Perceptions of Early Career Faculty: Managing the Transition from Graduate School to the Professorial Career

Jerry Berberet
Vice President for Academic Affairs, Carroll College
Founding Executive Director, Associated New American Colleges
TIAA-CREF Institute Fellow

June 2008 | Issue # 92

Faculty in the first five years of their careers at Associated New American Colleges (ANAC) institutions and the department chairs, deans, and chief academic officers who hired them were surveyed to assess the preparation and motivation of doctoral students for faculty careers, the alignment of early career faculty expectations with those of their college and university employers, work/life balance issues and stressors in the early career, and the degree of alignment between early career faculty and administrator perceptions of issues important to recruitment and retention.

Results reveal a number of findings with implications for the successful recruitment and retention of early career faculty and institutional planning for the professoriate of the future:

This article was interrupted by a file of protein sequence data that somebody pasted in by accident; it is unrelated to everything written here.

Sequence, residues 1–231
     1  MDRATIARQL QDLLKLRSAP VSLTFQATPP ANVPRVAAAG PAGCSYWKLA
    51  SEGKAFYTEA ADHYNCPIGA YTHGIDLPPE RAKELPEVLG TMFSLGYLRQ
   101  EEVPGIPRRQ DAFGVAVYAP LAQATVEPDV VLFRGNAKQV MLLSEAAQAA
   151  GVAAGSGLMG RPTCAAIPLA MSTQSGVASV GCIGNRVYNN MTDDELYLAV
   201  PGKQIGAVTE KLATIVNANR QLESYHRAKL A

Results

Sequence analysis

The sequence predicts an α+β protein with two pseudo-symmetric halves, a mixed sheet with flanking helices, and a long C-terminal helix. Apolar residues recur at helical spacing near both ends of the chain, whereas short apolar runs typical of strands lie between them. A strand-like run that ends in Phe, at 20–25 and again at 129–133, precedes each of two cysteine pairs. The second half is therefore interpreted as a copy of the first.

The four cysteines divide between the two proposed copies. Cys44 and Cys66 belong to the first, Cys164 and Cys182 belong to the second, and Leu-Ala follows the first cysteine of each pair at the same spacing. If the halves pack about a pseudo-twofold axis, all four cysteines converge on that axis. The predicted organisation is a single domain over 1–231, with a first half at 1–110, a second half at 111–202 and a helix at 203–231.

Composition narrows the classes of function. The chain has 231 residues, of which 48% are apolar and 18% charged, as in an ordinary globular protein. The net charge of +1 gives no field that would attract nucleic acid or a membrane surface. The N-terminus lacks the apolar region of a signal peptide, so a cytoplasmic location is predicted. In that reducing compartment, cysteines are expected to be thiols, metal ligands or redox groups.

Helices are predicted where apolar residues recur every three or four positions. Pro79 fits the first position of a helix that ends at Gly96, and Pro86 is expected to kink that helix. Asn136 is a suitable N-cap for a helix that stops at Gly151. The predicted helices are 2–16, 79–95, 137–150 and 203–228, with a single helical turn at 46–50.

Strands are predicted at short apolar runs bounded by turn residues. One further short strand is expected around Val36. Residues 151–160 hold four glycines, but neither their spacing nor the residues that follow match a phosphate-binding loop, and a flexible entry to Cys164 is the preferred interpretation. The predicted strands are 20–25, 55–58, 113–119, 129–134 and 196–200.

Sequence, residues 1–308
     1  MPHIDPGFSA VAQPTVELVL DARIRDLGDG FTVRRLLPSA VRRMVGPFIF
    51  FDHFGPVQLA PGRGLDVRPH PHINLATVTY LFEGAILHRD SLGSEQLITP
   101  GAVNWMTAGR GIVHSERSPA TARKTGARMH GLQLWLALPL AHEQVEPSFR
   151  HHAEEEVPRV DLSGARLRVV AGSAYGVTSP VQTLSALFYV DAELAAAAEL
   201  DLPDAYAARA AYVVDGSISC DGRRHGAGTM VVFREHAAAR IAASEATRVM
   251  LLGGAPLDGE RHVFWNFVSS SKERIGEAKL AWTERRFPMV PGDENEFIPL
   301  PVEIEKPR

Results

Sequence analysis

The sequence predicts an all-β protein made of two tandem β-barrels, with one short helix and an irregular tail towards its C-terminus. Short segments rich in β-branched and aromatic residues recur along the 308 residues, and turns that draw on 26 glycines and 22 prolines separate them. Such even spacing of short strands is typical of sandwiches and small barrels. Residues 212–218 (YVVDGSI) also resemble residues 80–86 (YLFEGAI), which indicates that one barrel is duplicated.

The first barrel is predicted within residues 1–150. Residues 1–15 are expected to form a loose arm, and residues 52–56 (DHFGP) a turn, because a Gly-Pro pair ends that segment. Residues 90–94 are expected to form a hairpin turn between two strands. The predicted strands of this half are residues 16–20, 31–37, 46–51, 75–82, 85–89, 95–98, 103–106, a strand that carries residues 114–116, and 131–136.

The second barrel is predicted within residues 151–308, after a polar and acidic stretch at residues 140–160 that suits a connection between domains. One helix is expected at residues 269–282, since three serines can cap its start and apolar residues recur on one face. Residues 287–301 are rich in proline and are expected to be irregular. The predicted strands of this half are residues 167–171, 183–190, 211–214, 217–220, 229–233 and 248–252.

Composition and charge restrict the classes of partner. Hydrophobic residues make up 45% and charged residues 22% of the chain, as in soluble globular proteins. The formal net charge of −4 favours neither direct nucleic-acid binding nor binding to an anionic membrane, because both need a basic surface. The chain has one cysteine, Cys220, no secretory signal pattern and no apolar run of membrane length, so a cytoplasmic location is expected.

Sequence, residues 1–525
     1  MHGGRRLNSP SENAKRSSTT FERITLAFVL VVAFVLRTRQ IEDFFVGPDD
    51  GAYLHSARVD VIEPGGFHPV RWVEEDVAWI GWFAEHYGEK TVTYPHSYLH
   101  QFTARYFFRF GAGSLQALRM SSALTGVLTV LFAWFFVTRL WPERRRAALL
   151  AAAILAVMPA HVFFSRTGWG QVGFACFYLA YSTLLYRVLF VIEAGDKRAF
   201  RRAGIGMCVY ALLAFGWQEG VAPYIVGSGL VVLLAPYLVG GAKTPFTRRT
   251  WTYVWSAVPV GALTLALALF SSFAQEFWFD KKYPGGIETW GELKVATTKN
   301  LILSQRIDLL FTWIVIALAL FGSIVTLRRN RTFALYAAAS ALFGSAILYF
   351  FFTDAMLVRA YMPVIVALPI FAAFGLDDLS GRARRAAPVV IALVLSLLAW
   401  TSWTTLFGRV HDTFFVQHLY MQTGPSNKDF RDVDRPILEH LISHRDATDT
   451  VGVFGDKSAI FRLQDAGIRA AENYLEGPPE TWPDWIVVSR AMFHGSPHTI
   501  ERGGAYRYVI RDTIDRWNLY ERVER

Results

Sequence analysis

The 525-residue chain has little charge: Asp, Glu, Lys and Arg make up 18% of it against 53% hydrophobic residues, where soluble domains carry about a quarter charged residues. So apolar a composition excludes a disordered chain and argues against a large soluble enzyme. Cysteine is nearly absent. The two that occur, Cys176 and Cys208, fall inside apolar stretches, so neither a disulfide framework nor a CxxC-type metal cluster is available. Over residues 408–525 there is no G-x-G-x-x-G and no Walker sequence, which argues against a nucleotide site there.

• Early career faculty at ANAC institutions agree with the mission of their institution, enjoy the challenges of their jobs, and feel fairly treated by their institutions.
  • Work significantly affects family and leisure patterns in the early career and contributes to stress in achieving a balance of work and family time.
  • ANAC-member early career faculty emerge from graduate school under-prepared to assume faculty teaching and other responsibilities.
  • Their sense of becoming “very effective” in their responsibilities improves markedly after a few years.
  • ANAC-member early career faculty understand the expectations of their institutions and experience fair congruence in their work patterns with what they believe their institutions expect, a perception their hiring administrators share.
  • Nearly two-thirds of hiring administrators are not satisfied with the salaries and benefits their institution offers new faculty members.
  • Administrators feel they do a good job in communicating institutional expectations at the time of hiring and that socialization and professional evaluation reinforce these expectations.
  • While highly satisfied with their faculty hires in recent years, administrators are nervous about the size and quality of the future new faculty applicant pool.

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